France faces a further round of serious rail and air traffic disruption from strikes on Thursday as trade unions seek to mobilise millions of protesters against plans to raise the retirement age to 62.
AP - French commuters squeezed onto limited trains or fought for rare parking spots Thursday as a second round of strikes against President Nicolas Sarkozy’s plan to raise the retirement age to 62 hobbled trains, planes and schools across the country.
Fewer than half of the Paris Metro’s lines were working normally, according to the RATP public transit network, and about half of France’s long-distance trains were being canceled, according to the SNCF state-run rail system.
Many flights were cancelled at Orly and Charles de Gaulle airports, the Paris airport authority said. Post offices and even opera houses were hit too.
Security was higher than usual at some Metro stations, where soldiers armed with machine guns were on patrol. In recent days, top officials have warned that the risk of a terrorist attack on French soil was at a record high.
The strikes are seen as a test for the conservative Sarkozy and are being watched elsewhere in Europe, as governments struggle to rein in costs with unpopular austerity measures after the Greek debt crisis scared markets and sapped confidence in the entire 16-nation euro currency.
In all, 232 demonstrations were being held nationwide. Thousands of protesters, many decked out in labor union T-shirts or brandishing signs, streamed into the Place de la Bastille, the iconic site of the French Revolution in Paris.
Union leaders are seeking a massive show of popular discontent, hoping to beat the Sept. 7 protests that brought at least 1.1 million people into the streets over reforms to the deficit-burdened pension system.
One protest in the southern city of Toulouse drew between 25,000 people -- according to regional authorities -- and 120,000, according to organizers. Those numbers were similar to the Sept. 7 protest.
Sarkozy has indicated he is willing to make marginal concessions but remains firm on the central pillar: increasing the retirement age from 60 to 62 and pushing back the age from 65 to 67 for those who want full retirement benefits.
As baby boomers reach retirement age and life expectancy increases in France, the conservative government insists it must raise the retirement age so the pension system can break even by 2018.
The leftist opposition sees retirement at 60 as a sacred symbol of France’s social welfare system. Opposition leaders also insisted any reforms must make more exceptions for certain categories of workers.
“We must use all the means, all the means at our disposal to put pressure on the government,” Martine Aubry, head of the opposition Socialist party, told RTL radio. “But we also think that those who started working very young, or those who had a hard job must still be able to retire at 60,”
“If the government remains deaf, we won’t stop at this,” said the head of the moderate CFDT union, Francois Chereque, told the Le Parisien daily.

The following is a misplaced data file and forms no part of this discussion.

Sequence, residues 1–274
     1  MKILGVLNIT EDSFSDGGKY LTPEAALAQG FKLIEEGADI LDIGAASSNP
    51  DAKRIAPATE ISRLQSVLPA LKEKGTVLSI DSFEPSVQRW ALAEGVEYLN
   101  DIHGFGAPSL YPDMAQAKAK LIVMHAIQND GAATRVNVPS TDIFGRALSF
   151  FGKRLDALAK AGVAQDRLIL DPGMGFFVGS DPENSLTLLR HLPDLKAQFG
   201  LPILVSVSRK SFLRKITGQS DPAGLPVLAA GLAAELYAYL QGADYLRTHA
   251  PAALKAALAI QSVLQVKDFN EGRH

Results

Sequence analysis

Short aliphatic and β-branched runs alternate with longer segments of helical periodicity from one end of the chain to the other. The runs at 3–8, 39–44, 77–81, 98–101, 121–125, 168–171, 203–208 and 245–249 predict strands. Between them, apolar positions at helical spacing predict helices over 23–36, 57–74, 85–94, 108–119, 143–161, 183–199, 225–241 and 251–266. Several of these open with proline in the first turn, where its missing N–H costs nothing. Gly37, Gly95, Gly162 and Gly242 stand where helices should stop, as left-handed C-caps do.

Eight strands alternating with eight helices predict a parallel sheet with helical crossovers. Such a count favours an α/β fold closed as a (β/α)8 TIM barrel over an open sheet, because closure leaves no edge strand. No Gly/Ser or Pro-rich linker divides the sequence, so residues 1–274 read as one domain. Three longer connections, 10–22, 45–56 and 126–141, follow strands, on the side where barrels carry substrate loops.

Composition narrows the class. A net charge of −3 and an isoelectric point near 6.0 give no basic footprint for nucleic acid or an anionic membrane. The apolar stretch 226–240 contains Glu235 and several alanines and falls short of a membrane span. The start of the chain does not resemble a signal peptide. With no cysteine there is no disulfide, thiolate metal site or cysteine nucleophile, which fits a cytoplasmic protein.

A poll in the left-leaning Liberation daily suggested that 63 percent of respondents supported the strikers, while just 29 percent of those polled supported the government. Almost 60 percent opposed the plan to raise retirement age, with 37 percent in favor, according to the poll, conducted by the Viavoice agency on Sept. 16 and 17 with 1,002 respondents.
Paris commuter Jeanne Charieres said “people should react” to the pension reform plans.
“Many things could happen, people are really fed up,” said Charieres as she attempted to board a Metro at Paris’ busy Gare du Nord station.
The Eurostar undersea train service to London was not expected to be affected and the Thalys train from Belgium was only slightly disrupted, with nine in 10 trains running.
While the French capital’s bus lines were running almost normally, commuters on some Metro lines had to queue up just to get on the platforms.
Francoise Frugier emerged from Paris’ Saint Lazare station on her way to work Thursday with one thought in mind: How will she get home?
“It’s a pain every time. I would of course prefer that they didn’t strike,” said Frugier, 42, a real estate worker. Her husband took a day off to stay with their two children, because it was unclear whether there would be enough teachers for their school to open.
“We can’t continue” retiring at 60, she said. “I expect I will have to work much longer.”
Some commuters opted out of public transit, taking their cars or using Velib, Paris’ rent-a-bike network, including Paris commuter Xavier Roth.
“Even the scooters struggle to ride between cars, and walking takes a long time, so for me a bicycle is the ideal compromise,” he said.
The main teachers’ union said over 50 percent of teachers were expected to strike, though the Education Ministry put the figure at just over 25 percent.
At the SNCF national railway, about 38 percent of employees heeded the call to strike, according to the management. Some SNCF unions have already called for new strikes beyond Thursday.
France’s lower house of parliament has approved the pension reform, which goes soon to debate in the Senate.
Even at 62, France would have one of the lowest retirement ages in Europe.
Neighboring Germany has decided to bump the retirement age from 65 to 67.
The U.S. Social Security system is also gradually raising its retirement age to 67.
Date created : 2010-09-22